Science friction

Gay Trekkies in an uproar because “Star Trek: Discovery” killed off one of our own

[This post features a major spoiler about Star Trek: Discovery, so maybe don’t read this if that’s the kind of thing that you find extremely upsetting.]

Fans of Star Trek: Discovery were in mourning/catatonia Monday morning after the show appeared to kill off one of its gay characters, Dr. Hugh Culber (portrayed by Wilson Cruz._

The character made headlines in 2017 since he happened to be in a happily committed relationship in outer space with Lt. Paul Stammets (Anthony Rapp).

But it looks like that gay relationship has hit a snag, since Culber was killed off by Lt. Ash Tayler (Shazad Latif), who Culber discovered was, in fact, a Klingon sleeper agent — a revelation that caused his neck to get snapped.

“We knew that this was going to be shocking for an audience and for a community that has unfortunately been assaulted by this ‘bury your gays’ trope,” showrunner Aaron Harberts tells  Entertainment Weekly.

Related: How Wilson Cruz and Anthony Rapp of ‘Star Trek: Discovery’ warped straight into our hearts

“But I’m an openly gay showrunner and my writing partner is nothing if not the most supportive person when it comes to LGBT portrayals on TV.”

Talking to CBS News, Harberts said:

“We thought it was going to take a little while for the audience to bond with them, get to know the characters. We didn’t realize how this couple was going to resonate with audience, and they bonded so so quickly. Our intention was to really start their story with what happens tonight.”

Twitter provided uproar and outrage.

For example, Emma is mad about it all. She wants everyone to “do better,” including you:

Kristen is jolly, jolly cross as well. She thinks the murder is “violent to our community.”

Meanwhile, Jeff went ahead and did something pretty extremo: He canceled his CBS All-Access subscription because he thinks it’s inappropriate to kill off fictional characters who are in “happy gay relationships”:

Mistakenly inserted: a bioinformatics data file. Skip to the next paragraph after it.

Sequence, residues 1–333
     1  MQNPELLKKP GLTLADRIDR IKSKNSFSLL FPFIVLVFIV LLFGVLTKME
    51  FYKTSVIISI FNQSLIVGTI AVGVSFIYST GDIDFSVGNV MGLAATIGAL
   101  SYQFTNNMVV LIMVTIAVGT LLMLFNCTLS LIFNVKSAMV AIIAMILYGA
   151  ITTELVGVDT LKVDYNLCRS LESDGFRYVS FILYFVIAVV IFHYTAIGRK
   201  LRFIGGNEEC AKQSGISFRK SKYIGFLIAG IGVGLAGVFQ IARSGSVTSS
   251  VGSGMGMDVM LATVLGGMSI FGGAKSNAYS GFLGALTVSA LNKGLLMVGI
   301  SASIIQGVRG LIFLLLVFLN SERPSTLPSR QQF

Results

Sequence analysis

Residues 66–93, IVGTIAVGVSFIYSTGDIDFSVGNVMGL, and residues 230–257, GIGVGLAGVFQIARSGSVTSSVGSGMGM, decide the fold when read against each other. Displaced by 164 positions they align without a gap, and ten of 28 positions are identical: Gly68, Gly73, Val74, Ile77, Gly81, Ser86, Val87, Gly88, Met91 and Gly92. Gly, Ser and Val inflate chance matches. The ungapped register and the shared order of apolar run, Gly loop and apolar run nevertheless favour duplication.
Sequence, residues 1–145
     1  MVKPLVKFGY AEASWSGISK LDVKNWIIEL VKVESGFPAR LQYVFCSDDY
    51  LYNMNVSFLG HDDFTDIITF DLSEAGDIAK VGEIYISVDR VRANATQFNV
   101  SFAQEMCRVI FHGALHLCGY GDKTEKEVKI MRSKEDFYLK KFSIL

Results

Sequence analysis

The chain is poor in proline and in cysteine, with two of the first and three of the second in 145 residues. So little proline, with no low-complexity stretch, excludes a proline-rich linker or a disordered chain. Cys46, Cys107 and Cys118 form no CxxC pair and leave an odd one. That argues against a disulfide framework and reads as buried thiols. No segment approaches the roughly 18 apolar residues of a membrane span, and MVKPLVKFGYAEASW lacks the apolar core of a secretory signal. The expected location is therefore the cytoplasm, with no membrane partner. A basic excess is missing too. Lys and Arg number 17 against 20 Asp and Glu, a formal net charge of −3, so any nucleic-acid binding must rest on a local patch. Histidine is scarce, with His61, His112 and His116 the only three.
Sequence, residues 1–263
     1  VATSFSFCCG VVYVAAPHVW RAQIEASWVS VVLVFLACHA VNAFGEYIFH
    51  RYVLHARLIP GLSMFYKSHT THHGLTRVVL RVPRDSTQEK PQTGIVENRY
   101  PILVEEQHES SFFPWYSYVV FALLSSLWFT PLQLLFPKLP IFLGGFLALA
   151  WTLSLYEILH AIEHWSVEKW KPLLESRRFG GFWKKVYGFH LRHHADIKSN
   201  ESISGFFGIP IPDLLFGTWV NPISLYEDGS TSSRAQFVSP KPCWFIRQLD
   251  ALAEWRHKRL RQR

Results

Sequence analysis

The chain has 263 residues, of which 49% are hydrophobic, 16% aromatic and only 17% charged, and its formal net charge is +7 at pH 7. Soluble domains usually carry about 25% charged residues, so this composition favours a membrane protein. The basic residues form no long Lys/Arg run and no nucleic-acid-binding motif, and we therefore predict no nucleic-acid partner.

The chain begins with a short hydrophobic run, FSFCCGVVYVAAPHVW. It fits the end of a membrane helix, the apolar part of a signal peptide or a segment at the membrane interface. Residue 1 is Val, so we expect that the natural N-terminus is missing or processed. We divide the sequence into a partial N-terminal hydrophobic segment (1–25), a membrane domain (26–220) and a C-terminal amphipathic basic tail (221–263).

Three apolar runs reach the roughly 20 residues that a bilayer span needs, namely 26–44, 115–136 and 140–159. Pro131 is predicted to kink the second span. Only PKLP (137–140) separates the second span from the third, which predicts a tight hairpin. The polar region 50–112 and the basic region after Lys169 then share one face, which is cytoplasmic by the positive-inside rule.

Cruz commented about the entirely pretend death of a wholly fictitious character to CBS News:

“What I’m really proud of — we learned some big things about Hugh in this episode. We see some of his genius —bedside manner—and we see him stand up to his superiors. We see things we haven’t seen and give people a preview of what’s to come.”

What’s to come? Well, Cruz promises his character is coming back like Jesus. Maybe he’ll be cloned. Maybe he has an evil brother who’s also in a happily committed gay relationship. Maybe he has an extra neck in storage.

“I would be upset if I was watching,” he tells EW, “and I think we need to give people permission to be upset.”

“It’s upsetting. It’s a disappointing moment.”

Later, he elucidates:

“I’m nervous because we are all aware of this trope throughout television which we continue to see LGBT characters, characters of color, and women killed off in very dismissive ways, and I want people to know that this is not that,” he says. “This is a chapter of this epic love story of these two characters. And this is science fiction. This is Star Trek. There are many possibilities….

When [the arc of the Discovery series] was explained to me, I got really excited — so it’s different in that way, because I’ll be back.

What I can say is that I’ve been assured that this is a long, epic story, and I know where it’s going and I’m excited about telling that story. But in order for us to tell that story, this had to happen. We’re inviting people to go on this journey, and part of this journey is going to be magnificent and some of it is going to be disappointing. There is going to be glory and triumph and heartbreak, but we will come out of it at the other end better for it, I promise you. So go on the ride with us.”

Unless you’ve already cancelled your CBS All-Access subscription.